A string of violent crises since the 1990s—from Somalia to Iraq to others—has underscored America’s need to coordinate better among military forces, relief and development organizations, diplomats and other responders, retired Marine Corps General Anthony Zinni said this week. The United States should consider creating a standing “interagency command” for such crises, Zinni told listeners at USIP.

General (Ret.) Anthony Zinni at the U.S. Institute of Peace, October 24, 2018.
General (Ret.) Anthony Zinni at the U.S. Institute of Peace, October 24, 2018.

Zinni, who headed the U.S. Central Command from 1997 to 2000 and later served as the U.S. special envoy for Middle East peace, spoke to PeaceCon 2018, a gathering of the peacebuilding community. USIP and the Alliance for Peacebuilding convene the conference each year among conflict resolution specialists, diplomats, scholars, military strategists and others. Many such conferences, Zinni noted, repeatedly have declared America’s need for better coordination of its governmental and non-governmental responses to crises from Afghanistan to Syria to Libya and elsewhere.

A U.S. Interagency ‘Crisis Command’?

“So, I’m going to give you a proposed solution,” Zinni told the group. “I’m going to say we need to create an interagency command” to manage America’s response to complex or “hybrid” security crises.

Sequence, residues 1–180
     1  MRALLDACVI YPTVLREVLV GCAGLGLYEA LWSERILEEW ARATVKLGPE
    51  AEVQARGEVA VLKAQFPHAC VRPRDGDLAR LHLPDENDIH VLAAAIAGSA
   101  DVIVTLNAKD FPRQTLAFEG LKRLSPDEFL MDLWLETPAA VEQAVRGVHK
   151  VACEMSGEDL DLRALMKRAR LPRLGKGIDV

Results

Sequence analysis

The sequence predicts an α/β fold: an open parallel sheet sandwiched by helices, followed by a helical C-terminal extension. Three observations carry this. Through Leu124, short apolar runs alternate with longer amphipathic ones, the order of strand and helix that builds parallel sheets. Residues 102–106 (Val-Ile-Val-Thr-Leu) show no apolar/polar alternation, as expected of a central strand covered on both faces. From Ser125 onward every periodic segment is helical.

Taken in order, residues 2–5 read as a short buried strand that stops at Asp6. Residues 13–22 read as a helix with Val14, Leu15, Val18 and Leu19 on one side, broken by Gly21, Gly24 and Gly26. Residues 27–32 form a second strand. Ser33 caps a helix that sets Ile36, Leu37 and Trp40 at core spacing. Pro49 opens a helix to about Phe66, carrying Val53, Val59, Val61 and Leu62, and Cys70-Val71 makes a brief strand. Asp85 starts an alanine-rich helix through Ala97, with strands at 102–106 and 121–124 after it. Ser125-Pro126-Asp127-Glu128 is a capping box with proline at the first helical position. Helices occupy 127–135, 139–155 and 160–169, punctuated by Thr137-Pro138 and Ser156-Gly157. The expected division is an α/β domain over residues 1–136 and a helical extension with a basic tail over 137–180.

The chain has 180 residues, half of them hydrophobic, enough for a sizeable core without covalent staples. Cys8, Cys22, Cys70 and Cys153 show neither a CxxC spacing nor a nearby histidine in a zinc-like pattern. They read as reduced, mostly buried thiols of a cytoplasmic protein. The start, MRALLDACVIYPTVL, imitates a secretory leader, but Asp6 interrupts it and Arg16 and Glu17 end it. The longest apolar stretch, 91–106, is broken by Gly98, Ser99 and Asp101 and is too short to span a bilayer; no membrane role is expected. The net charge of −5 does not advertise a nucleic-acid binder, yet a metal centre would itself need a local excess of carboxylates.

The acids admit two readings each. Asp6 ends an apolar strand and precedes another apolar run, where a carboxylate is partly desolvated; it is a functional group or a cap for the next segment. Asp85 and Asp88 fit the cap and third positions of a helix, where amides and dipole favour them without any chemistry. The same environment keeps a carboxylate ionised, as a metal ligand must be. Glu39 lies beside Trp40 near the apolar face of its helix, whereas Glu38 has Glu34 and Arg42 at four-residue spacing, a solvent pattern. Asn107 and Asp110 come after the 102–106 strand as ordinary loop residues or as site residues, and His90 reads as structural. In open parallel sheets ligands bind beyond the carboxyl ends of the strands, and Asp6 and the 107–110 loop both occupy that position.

“I hate to use that word, ‘command,’ because I don’t mean it to be military,” he said. In his conception, “this organization would be interagency. It would have a State Department component, would have a USAID component. It would be able to interact with NGOs [non-government organizations]. It might even have a representation from NGO organizations.” Its coordinating role would be analogous, he suggested to “our regional combatant commands, that have components—Army, Navy Air Force, Marine Corps.”

Such a complex-crisis command would conduct “organization, training, coordination [and] planning” among U.S. crisis responders and would be “a deployable entity,” Zinni said. So, if U.S. forces are required to deploy, as a decade ago “into an Iraq or an Afghanistan, you’re not … scratching your head in Baghdad and Kabul and saying, ‘Now what’?

“This organization would have the ‘Now what?’ answer,” Zinni said. “It’s not going to be a pickup team like CPA [the Coalition Provisional Authority set up by the U.S. government in Iraq following its 2003 invasion] or ORHA [the Office for Reconstruction and Humanitarian Assistance], or whatever we throw together at the last minute, with people unfamiliar with the situation.”

A Lesson from Somalia